BizAsia talks to Arjun Kapoor about ‘Tevar’


In the forthcoming film ‘Tevar’, Arjun Kapoor will be seen playing a Kabaddi champion. Although it is early on in his career, it seems the actor is experimenting somewhat with his roles. However, what makes ‘Tevar’ particularly special for him is that his father Boney Kapoor and uncle Sanjay Kapoor are producing the film.

BizAsia caught up with Kapoor a few weeks ahead of the film’s release.

Arjun Kapoor
Arjun Kapoor

‘Tevar’ is almost set for release, how do you feel?

Same as always I guess. It’s the same as every film at the pre-release stage – a bit of nervousness, a bit of excitement. I haven’t managed to see the film yet so it’s like there’s a blind spot and I don’t know what we’ve ended up making but I’m confident because I think we have a very good director. So, I think nervous and excited is the best way to describe what I’m feeling right now.

‘Tevar’ has been made in different languages previously, and originally in Telugu. How did you find inspiration to essay the role you play seeing as it’s been played by other actors previously?

‘Okkadu’ was released in 2003 and that was before I became an actor. I’ve only just seen it and I really liked the material at that point. I never revisited it at any point, I just saw it as a reference point for the material. The inspiration for me really came from the material that my director provided. He had rewritten it keeping the Indian audience in mind so it wasn’t so much about playing the hero. It’s not just a front-footed hero who’s there to save the damsel in distress. He is in a set of circumstances that he doesn’t expect and this makes him rise to the occasion rather than him already being a hero in that sense. He’s a regular guy who has an attitude, he has a point of view in life. He’s living his life and falls into this situation and it’s about how he deals with that. It’s an interesting part for me. I never looked at the original for anything beyond that.

You’re playing a Kabaddi champion. What is your personal interest in the sport?

I really didn’t know anything about Kabaddi before I started working on ‘Tevar’. We decided that we would carry on with Kabaddi as that was the sport in the original as well. I started practising with actual Kabaddi players. I spent around two and half weeks playing with them and I realised that it seems really easy when you’re watching them play but it’s actually a combination of strength and agility. It’s a difficult sport. You have to be able to stay on your feet and tackle people as well and be faster than them too. I learnt quite a lot about the sport because of the rules. The interesting thing that came up when I spent time with them is that they have this quirk that they’re always in track pants so that’s something that was incorporated into my character in ‘Tevar’. My character is always in track pants and sneakers. It’s like they even attend weddings wearing the same. They’re obsessed with practising all the time.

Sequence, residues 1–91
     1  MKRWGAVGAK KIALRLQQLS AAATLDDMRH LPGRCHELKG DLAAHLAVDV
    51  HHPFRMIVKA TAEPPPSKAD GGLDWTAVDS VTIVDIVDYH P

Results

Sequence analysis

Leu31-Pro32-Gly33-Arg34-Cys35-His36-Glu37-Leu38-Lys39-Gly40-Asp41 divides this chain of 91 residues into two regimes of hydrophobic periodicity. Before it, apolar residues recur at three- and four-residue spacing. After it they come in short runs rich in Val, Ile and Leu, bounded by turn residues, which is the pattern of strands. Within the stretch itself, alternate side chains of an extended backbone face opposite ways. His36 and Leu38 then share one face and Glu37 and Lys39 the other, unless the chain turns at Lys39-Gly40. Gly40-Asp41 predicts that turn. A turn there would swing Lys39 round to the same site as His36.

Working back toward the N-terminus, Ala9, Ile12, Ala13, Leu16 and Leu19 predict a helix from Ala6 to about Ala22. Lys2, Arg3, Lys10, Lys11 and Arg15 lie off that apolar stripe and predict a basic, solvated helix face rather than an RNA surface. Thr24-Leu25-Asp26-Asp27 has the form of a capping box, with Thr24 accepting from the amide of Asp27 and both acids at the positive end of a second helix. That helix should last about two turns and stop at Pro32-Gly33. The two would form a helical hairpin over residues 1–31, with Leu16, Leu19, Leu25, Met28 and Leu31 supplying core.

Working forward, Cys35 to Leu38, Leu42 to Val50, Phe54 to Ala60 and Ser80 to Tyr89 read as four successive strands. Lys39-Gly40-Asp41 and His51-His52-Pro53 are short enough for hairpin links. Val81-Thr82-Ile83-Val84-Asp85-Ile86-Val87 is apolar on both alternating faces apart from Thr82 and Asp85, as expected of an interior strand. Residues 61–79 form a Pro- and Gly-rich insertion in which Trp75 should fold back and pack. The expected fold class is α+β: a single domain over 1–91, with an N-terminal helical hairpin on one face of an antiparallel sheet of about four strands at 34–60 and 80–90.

The producers of the film are your father and uncle. What was your experience working with them and did you get any special treatment?

I can’t remember ever getting any special treatment but I knew everybody since I was a kid through working in a home production – they’d seen me grow up. It was a little different when we were shooting it because at the end of the day the actor’s job is to go about and deliver the scene no matter what’s happening behind the scenes. There was an awareness here because it was my home production and I sometimes got involved in more than just acting. However, there wasn’t any special treatment provided to me. If anything, my father took more of my dates and got less out of them but that’s part and parcel of doing a home production.

You joined Twitter not long back and you’ve been active on there especially with ‘Tevar’ promos. How important have you found the medium in gauging reactions to the posters and trailers of the film?

I was very apprehensive initially about getting into social networking because I thought it takes away from your personal life but then I realised it’s totally your prerogative what you decide to post. I liked the idea of connecting with people who liked my work by showcasing more of my work. It’s been really nice. You can kill a lot of speculation, you can talk directly to people, and you can put out stuff which you wouldn’t be able to say on print and television – you can do it on Twitter. You can even put up things that are a little personal where your film is concerned. It’s been an eye-opener for me, I didn’t even know there are so many people who’ve seen my films across the world. I didn’t know of people in Russia, Peru, Turkey who have seen my film. I might never get to meet all these people but through Twitter at least I can be connected to them in one way or the other.

This is your third time working with a debutante director. What was your experience working with Amit Sharma in ‘Tevar’?